Can the Tablet Replace the Laptop as the School Computer?
Ever since the iPad was announced back in January, I wondered if it and other tablets could replace the laptop as the computers in our daily lives, and in particular if they were in fact the perfect school computers. So I decided to put it to the test, and for the past few weeks I’ve been carrying around the tablet of the moment– an iPad WiFi+3G– to school in place of my laptop to see if it could live up to the challenge (I know, probably not the smartest thing to do with finals only a few weeks away….). What I’ve found out may surprise you.
Test 1– Portability
So my traditional school laptop is a Dell Latitude E6500 (seen above)– a computer with a 15 inch screen and an additional 5 pounds to my daily array of textbooks and other school work. It isn’t a bad machine, but if I could switch from that to something more than half the weight and size, almost 4 times more battery life (I usually get 2.5 to 3 hours on my Dell on a good day), all without giving up productivity–I’d do it in a second.
The iPad WiFi+3G met all of those requests, not only giving me the ability to not lug around a second large computer bag everyday along with my regular bag (seriously, look at how much thinner it is!), but also giving me the ability to go through a whole day without having to charge (I was constantly done with my school day, from about 9 to 6– I know it stinks– with at least 60% battery AND I’ve been on 3G all day) made this already seem like a perfect match.
Test 2– Productivity
So sure the iPad is lighter and smaller than pretty much all laptops, but can it’s no keyboard design, no multitasking OS actually allow you to, you know, work on it? I found that answer to be a resounding yes.
When I first started I was skeptical too– so much so that I took an Apple Bluetooth keyboard with me in the event the onscreen one was too hard to use. After downloading the Pages app ($10 from iTunes) and beginning to work, I found the iPad to be great for work, and I’m talking about just using the onscreen keyboard (in landscape mode– the portrait mode’s keyboard was impossible for me to use to do anything but type in say a website. It’s just way to small and cramped). If you want you can of course connect a Bluetooth and type on it like a normal laptop and it works great there as well (though if you do, spring for a case with a built-in stand like Apple’s $30 iPad case, this way you can prop it up and make using it a whole lot easier). But that onscreen keyboard really blew me away. It’s spaced like a normal keyboard, and I soon found myself only after a couple of classes being able to type as well as on my laptop, even “touch-typing”– or typing without looking at the keys– and not making many mistakes. It really was that great and easy to use. And when I let friends try to type (that’s another thing about the iPad– everyone wants to try it, so brace yourself for the first couple of days after you get it), they too were shocked at how easy it was to use and do real work on.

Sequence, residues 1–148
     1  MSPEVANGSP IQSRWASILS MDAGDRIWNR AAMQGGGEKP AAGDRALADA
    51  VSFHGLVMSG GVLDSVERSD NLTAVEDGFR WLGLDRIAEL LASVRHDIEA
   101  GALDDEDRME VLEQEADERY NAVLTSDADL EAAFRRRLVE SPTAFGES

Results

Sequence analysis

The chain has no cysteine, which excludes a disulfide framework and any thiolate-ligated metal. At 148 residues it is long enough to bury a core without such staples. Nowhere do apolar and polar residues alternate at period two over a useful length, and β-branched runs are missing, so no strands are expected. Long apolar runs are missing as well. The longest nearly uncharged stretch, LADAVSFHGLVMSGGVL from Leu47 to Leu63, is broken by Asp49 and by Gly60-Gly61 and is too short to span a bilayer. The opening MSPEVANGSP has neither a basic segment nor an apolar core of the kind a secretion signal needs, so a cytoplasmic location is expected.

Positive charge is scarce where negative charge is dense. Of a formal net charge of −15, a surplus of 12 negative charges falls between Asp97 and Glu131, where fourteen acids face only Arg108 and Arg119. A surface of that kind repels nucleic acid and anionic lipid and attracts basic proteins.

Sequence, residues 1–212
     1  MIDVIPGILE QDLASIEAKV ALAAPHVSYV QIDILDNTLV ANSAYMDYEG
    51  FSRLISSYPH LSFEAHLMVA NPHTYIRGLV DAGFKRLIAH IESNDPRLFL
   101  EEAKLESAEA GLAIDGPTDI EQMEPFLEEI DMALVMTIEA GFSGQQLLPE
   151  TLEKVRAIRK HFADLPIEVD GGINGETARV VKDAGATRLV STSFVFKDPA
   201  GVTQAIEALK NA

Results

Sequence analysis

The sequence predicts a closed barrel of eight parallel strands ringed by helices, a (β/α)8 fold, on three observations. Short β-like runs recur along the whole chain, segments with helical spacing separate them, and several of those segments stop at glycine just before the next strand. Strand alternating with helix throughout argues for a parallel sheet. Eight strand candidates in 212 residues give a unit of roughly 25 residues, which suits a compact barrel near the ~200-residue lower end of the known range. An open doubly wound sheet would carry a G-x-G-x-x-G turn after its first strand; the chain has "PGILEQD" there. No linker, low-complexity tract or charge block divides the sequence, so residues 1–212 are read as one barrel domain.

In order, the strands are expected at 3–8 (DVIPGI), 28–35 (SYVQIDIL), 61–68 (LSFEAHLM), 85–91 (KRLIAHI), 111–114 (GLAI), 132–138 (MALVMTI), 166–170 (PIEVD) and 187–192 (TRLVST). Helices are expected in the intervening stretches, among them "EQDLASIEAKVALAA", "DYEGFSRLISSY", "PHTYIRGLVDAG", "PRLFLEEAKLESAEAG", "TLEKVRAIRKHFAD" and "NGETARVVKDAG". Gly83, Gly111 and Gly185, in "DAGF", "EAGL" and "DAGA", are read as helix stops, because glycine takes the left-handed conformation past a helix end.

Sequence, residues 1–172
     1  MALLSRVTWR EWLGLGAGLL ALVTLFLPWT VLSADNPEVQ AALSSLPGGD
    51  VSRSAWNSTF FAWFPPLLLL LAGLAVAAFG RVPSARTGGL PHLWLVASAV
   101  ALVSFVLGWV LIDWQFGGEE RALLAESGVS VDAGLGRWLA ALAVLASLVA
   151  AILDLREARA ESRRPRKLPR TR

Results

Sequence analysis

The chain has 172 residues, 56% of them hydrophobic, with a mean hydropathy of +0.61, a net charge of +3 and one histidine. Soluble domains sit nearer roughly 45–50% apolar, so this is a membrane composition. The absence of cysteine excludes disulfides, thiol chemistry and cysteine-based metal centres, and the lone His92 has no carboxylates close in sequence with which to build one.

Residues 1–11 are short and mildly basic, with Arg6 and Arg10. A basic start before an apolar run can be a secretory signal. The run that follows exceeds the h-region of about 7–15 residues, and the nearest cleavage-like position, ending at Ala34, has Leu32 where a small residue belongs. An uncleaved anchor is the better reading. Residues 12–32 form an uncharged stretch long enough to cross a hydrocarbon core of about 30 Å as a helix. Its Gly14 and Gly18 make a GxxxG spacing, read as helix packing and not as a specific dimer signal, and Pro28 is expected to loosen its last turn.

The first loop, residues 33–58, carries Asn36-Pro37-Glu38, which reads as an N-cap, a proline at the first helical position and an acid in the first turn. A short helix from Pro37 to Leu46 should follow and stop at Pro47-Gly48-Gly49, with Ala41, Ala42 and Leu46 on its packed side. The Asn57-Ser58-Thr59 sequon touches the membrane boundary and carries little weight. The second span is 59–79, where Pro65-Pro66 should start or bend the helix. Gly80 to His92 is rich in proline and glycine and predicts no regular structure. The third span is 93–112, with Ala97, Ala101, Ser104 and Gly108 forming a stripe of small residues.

And as for multitasking, Apple’s A4 processor more then made up for it. I was zipping in and out of apps with hardly any loading time needed (great for switch between ESPN on Safari or a game and notes). I did though find myself hoping it would open Pages quicker after coming off a game or Safari (like when a teacher walks by and you need to quickly switch back. Thankfully it was pretty clutch and loaded in just in time). Overall, it was more than sufficient and the best part is it’s only getting better.
Test 3– Apps and iOS
This is by far the biggest thing a tablet like the iPad has going for it– the thousands of apps available and the constant improvements of iOS. For example, Apple said we can expect an iPad update to iOS 4 in the fall– meaning that the multitasking issue will soon be a no issue all together. And of course, there are also all those apps.
Between the iPhone and the iPad’s apps you can truly found something for anything. For TV, the ABC player is incredible and crystal clear– both over 3G or WiFi. Sports? You can hop onto ESPN (which has made their normal site “iPad friendly” so it’s like the normal ESPN you’d see on your computer) or download apps like the MLB At Bat ($14.99) app for say following baseball, or the popular SportsTap (free) for whatever scores in whatever sport your looking for. Music? Pandora for iPad is perfect and works just like you’d expect. School? Again, perfect. iBooks and similar apps like Amazon Kindle or the Barnes and Noble eBook app pretty much give you any book you can imagine (or have to read), and reading off the iPad was surprisingly nice and easy. There also are apps like 3D Brain, The Elements: A Visual Exploration ($13.99, seen in the pic above from Apple), Molecules, and Quick Graph that turn your iPad into a portal for information in any subject.
Oh, and of course there are the Apple made apps like YouTube and Safari that together give you pretty much the full web and everything it has to offer.
True, there are a lot of faults with tablets today (and on the iPad in particular– like no printing support built-in, that lack of a webcam, and the fact that it gets so many fingerprints it’s not even funny!), and I’m not sure anyone would be comfortable yet writing long term papers on it instead of on a normal laptop; but when it comes to using it in school everyday, in my opinion it’s a dream come true. Small, light, and easy to use– the perfect triple threat for a school computer, and I really am considering picking one up in the fall and using it year-round as my school computer instead of lugging my laptop around everyday.
What do you think though: is the iPad and other tablet’s lack of a keyboard mean it can’t work in school? If you’ve seen and played with an iPad– be it at a friend, in an Apple Store or if you bought one yourself– do you think you could use it in school? Let us know in the comments.